The appearance of a full moon is quite predictable. All that remains is checking against moon rise times.

Date Moon Rise
March 5, 2015 6:23 PM
April 4, 2015 8:02 PM
May 3, 2015 7:48 PM
June 2, 2015 8:32 PM
July 1, 2015 8:11 PM
July 31, 2015 8:27 PM
August 29, 2015 7:43 PM
September 27, 2015 6:54 PM
October 27, 2015 6:51 PM
November 25, 2015 5:13 PM
December 25, 2015 5:43 PM

This table lists the remaining full moons for 2015, as well as the corresponding moon rise times. These times are location dependent, so consult the Old Farmer’s Almanac or some other online source for the correct times for your location.

Moon Rise

Camera: Nikon D800
Lens: Nikkor AF-S 24-70mm f/2.8G ED
ISO: 100
Focal Length: 70mm
Aperture: f/2.8
Shutter: 1/1.25s

Shoreline Lake at Sunset


I saw another gorgeous sunset this evening in the middle of winter. The Nikkor 24-70mm lens is a great low-light lens. I like it much better than the all-purpose 28-300mm lens for one reason. When faced with low light, Live View is still usable with the Nikkor 24-70mm lens at f/2.8. With the Nikkor 28-300mm lens, Live View can become quite pixelated.

I usually focus at f/2.8, then change around the aperture and shutter speed to suit. In this case, I wanted to quiet the surface of the lake with a longer shutter speed. However, at f/18, any dust on the sensor becomes quite obvious. An ND filter may be the preferred solution since I can skip cleaning up the image in post-processing by photographing with a large aperture and long shutter speed. I didn’t think I would need one at dusk, but will keep this in mind the next time I am out.


Nikon D800, Nikkor AF-S 24-70mm f/2.8G ED, ISO 100, 36mm, f/18, 1.0s

Mountain View Sunset


Tonight was almost perfect. By the time I had arrived at the Baylands, the sun had already set. The last traces of warm sunlight glowed behind the mountain range in a distance. The City of Mountain View really lived up to its name.

I said “almost” because I had the wrong lens and no tripod. I love the 105mm macro lens, but it is a poor match for landscape photography. The field of view is too narrow. Despite these mishaps, the sunset was too attractive to dismiss. So, with only a table-top tripod in hand, I parked myself at some benches to see what I could conjure.

The water was absolutely gorgeous as it reflected the colors of the skies above. The red dot in the foothills is the Stanford Dish.


Nikon D800, AF-S VR Micro-Nikkor 105mm f/2.8G IF-ED, ISO 100, f/2.8, 1/10s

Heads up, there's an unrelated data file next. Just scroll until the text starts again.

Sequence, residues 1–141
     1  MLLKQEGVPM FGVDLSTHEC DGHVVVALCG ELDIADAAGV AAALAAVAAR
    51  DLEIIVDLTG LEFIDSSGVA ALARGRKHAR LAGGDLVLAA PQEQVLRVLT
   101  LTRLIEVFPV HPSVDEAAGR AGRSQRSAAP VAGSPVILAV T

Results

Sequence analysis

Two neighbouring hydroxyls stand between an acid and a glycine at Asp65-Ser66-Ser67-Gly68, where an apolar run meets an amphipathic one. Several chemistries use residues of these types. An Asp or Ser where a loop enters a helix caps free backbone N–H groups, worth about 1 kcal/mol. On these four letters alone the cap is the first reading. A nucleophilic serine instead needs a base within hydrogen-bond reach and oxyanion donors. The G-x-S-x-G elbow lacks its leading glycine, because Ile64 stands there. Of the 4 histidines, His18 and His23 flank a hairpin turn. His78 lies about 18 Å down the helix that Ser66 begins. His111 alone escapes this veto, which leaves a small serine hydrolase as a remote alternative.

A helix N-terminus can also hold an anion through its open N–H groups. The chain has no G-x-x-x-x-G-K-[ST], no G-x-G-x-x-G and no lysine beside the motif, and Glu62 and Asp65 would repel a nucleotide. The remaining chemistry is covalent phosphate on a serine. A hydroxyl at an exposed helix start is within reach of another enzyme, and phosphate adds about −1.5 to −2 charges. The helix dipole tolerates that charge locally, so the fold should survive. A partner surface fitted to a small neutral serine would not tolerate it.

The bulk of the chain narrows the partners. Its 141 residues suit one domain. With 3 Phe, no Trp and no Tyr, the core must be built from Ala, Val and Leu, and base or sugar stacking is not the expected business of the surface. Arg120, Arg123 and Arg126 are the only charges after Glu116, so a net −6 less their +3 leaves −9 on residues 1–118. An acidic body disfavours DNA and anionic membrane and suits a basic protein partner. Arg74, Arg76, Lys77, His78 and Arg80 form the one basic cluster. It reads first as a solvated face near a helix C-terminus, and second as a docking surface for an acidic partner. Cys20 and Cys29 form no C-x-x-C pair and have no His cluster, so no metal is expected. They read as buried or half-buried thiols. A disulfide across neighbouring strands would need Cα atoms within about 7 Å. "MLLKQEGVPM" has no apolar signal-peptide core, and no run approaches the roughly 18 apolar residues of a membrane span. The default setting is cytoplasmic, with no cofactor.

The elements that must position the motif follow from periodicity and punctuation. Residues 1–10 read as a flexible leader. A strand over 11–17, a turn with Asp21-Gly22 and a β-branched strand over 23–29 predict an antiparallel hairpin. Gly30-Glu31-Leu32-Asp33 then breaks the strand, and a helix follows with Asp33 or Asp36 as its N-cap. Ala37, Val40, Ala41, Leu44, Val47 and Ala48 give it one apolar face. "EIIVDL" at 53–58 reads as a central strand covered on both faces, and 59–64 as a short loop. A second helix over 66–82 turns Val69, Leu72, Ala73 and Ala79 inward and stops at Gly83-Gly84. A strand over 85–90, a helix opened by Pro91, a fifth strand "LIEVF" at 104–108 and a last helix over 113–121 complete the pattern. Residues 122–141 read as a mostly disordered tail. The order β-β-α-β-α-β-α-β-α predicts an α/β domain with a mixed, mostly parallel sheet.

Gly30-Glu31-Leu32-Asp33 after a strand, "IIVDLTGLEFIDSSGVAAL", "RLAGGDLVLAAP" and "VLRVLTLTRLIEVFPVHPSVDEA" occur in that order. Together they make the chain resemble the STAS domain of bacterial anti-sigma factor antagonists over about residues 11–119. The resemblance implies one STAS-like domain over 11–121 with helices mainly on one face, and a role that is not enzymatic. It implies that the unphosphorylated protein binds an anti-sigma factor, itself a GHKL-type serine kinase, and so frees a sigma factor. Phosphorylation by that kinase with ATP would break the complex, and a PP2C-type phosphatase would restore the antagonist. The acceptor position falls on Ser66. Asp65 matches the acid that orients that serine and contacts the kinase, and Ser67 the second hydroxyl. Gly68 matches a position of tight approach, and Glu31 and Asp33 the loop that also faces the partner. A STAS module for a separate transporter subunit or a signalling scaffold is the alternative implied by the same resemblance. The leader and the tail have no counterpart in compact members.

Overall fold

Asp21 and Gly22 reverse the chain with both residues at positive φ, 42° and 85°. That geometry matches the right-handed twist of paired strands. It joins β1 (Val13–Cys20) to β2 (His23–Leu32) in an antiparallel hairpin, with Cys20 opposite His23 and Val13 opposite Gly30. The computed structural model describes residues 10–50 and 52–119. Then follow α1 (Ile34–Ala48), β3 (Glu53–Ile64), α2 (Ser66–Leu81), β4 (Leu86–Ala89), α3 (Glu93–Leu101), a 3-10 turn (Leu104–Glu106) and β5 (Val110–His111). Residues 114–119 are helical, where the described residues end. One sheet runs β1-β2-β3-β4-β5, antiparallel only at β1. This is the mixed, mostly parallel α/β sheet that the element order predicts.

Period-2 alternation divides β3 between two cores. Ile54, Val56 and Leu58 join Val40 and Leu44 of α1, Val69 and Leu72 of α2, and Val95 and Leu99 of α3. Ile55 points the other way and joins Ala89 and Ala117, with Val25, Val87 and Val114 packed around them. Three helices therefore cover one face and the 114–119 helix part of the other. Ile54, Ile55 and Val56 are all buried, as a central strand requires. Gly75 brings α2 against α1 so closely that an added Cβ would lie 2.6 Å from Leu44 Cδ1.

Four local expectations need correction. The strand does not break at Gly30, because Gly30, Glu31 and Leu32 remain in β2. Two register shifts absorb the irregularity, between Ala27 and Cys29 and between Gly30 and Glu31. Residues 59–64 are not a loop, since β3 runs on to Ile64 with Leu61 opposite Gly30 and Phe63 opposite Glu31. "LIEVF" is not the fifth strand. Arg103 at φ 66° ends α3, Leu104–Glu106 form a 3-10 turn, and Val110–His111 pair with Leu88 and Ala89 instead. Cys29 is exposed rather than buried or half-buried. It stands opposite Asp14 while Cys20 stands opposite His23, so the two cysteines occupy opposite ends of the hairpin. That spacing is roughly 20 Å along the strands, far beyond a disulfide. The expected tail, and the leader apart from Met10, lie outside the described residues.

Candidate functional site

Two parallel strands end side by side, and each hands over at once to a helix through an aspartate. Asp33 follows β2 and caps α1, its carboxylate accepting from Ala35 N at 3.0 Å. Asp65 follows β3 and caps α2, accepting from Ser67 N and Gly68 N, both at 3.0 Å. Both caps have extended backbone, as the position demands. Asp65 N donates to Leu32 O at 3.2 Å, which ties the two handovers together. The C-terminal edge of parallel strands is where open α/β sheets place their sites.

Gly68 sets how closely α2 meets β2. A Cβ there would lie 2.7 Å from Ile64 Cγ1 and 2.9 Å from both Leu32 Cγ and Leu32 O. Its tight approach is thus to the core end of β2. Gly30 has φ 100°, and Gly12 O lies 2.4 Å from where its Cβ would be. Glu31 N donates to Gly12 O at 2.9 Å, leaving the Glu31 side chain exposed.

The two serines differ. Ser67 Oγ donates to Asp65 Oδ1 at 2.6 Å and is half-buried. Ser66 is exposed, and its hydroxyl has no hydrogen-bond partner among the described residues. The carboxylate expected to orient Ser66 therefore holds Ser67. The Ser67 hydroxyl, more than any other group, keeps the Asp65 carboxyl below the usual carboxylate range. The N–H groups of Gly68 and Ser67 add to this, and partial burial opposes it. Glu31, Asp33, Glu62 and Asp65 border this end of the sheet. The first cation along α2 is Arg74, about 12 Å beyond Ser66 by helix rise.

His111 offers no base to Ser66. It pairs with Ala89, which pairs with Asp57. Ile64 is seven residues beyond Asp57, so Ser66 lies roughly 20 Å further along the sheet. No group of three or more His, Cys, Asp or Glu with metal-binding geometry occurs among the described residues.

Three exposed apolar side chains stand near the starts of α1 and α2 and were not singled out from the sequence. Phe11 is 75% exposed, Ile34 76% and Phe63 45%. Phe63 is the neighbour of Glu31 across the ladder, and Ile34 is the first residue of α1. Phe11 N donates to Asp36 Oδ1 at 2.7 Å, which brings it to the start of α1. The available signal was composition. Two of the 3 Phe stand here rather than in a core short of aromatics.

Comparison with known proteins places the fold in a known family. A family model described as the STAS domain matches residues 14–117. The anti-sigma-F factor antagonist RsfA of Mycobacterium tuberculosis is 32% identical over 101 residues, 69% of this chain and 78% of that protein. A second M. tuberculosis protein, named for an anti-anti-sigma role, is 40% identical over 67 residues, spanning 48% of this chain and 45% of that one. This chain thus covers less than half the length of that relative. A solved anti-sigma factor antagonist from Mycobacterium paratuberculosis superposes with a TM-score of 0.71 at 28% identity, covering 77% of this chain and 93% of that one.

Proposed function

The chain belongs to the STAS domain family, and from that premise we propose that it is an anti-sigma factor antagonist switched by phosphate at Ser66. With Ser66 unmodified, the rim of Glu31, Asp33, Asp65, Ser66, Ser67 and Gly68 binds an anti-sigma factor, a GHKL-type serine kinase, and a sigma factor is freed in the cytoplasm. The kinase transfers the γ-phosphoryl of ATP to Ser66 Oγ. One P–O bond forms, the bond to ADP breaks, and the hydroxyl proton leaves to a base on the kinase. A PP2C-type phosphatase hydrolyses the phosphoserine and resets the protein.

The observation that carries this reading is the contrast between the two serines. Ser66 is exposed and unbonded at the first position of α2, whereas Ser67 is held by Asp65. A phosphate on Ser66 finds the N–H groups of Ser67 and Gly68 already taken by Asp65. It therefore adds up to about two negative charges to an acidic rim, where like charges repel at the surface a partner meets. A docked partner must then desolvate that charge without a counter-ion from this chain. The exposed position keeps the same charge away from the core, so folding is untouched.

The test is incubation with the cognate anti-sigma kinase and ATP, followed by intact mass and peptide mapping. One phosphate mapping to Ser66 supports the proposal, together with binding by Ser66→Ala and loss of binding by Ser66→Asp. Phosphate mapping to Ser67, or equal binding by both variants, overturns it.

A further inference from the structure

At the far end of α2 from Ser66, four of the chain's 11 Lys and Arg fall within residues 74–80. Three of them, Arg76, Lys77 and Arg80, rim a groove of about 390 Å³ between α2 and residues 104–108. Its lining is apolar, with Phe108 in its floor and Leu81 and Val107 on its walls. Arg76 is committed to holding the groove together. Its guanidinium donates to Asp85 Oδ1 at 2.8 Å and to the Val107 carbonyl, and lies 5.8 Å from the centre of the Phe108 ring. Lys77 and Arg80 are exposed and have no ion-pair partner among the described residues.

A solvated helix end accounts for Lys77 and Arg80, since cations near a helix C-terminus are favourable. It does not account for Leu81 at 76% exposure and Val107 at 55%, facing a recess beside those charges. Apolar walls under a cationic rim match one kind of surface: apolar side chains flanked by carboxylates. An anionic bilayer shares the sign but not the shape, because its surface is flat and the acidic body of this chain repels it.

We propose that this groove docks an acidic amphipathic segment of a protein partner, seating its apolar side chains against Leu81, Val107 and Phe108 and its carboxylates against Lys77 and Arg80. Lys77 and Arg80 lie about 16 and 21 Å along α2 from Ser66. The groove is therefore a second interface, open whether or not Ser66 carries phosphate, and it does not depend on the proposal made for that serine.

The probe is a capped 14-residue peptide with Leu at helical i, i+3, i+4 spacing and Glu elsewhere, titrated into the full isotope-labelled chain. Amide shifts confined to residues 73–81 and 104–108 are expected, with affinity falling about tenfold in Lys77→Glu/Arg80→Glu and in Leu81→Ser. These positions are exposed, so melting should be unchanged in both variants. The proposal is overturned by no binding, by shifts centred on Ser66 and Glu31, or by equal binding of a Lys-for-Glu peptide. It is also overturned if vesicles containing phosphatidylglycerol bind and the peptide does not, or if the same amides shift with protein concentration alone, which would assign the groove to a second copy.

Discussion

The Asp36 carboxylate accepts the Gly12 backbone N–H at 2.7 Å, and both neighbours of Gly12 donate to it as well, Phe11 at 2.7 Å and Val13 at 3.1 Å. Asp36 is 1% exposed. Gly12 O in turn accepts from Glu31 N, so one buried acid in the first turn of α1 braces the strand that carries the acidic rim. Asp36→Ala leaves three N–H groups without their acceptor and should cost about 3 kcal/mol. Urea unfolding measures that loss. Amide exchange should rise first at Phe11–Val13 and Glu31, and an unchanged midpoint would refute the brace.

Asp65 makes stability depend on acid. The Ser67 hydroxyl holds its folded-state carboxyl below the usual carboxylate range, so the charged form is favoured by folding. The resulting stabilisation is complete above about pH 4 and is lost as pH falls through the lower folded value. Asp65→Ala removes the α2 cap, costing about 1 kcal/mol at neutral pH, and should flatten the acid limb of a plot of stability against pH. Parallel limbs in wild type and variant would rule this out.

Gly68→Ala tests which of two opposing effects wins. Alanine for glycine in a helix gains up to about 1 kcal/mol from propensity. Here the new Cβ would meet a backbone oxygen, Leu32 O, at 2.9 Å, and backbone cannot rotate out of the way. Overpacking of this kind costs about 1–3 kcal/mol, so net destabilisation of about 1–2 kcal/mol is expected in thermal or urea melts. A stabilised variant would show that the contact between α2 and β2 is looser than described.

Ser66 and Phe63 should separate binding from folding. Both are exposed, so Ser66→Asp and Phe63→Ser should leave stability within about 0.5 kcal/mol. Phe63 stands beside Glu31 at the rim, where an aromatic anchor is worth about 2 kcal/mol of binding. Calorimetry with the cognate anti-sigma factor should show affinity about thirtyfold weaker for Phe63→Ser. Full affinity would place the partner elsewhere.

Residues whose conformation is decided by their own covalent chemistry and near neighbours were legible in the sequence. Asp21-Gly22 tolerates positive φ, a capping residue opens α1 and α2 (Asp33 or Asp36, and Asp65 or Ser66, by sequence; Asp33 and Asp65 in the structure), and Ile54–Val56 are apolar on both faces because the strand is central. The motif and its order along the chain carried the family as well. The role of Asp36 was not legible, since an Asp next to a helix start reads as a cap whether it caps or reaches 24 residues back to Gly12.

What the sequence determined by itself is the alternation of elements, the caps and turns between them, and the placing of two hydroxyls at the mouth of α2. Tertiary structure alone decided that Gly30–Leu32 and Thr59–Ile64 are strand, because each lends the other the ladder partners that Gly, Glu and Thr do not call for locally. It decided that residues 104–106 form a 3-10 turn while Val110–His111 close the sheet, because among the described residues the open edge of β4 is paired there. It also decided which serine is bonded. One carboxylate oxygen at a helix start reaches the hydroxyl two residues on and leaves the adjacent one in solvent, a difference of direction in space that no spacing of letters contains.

Christmas Fireworks in Lima, Peru


In America, we associate Christmas Eve with Silent Night. But, not all countries celebrate the arrival of Christmas in quiet reverence. From the Mariel Hotel in Miraflores, I had a city-wide view of the midnight fireworks. From left to right, I could see multiple firework shows erupting across the Lima skyline.

I am accustomed to going to one location to see one firework show. Not here. It really felt like fireworks were being launched from all around us. It was quite a joyous spectacle.

Christmas Fireworks in Miraflores, Lima, Peru

Nikon D800, Nikkor AF-S 28-300mm f/3.5-5.6G ED VR, ISO 100, 44mm, f/7.1, 3.6s

Milky Way in Sacred Valley, Peru


Not sure if it was a bout of foolishness or naiveté, but I thought it would be interesting to travel with one lens. So, with a Nikon AF-S 28-300mm lens, I headed out to Peru. For one lens, it wasn’t a bad choice, but I did not go through the entire thought process carefully.

My preliminary thought was that at dawn or dusk, I would be using a tripod anyways, so I did not need a fast lens. Generally, that is true, except for one outlier situation: astrophotography. I immediately recognized my error when setting up my camera.

To compound the problem, I did not have my regular tripod for this photo. That mistake, to never be repeated, would be placing the tripod in checked luggage, which the airline could not locate for four days. Fortunately, I could make do with my table top tripod. The set-up was seriously constrained, but it was better than nothing. As it turned out, the night I took this photo was the only clear night at that location. I have been using Clear Dark Sky to predict optimal viewing conditions, but their dataset is limited to North America. 7 Timer provided me with the astro data for Peru.


Nikon D800, Nikkor AF-S 28-300mm f/3.5-5.6G ED VR, ISO 1,600, 28mm, f/3.5, 30.0s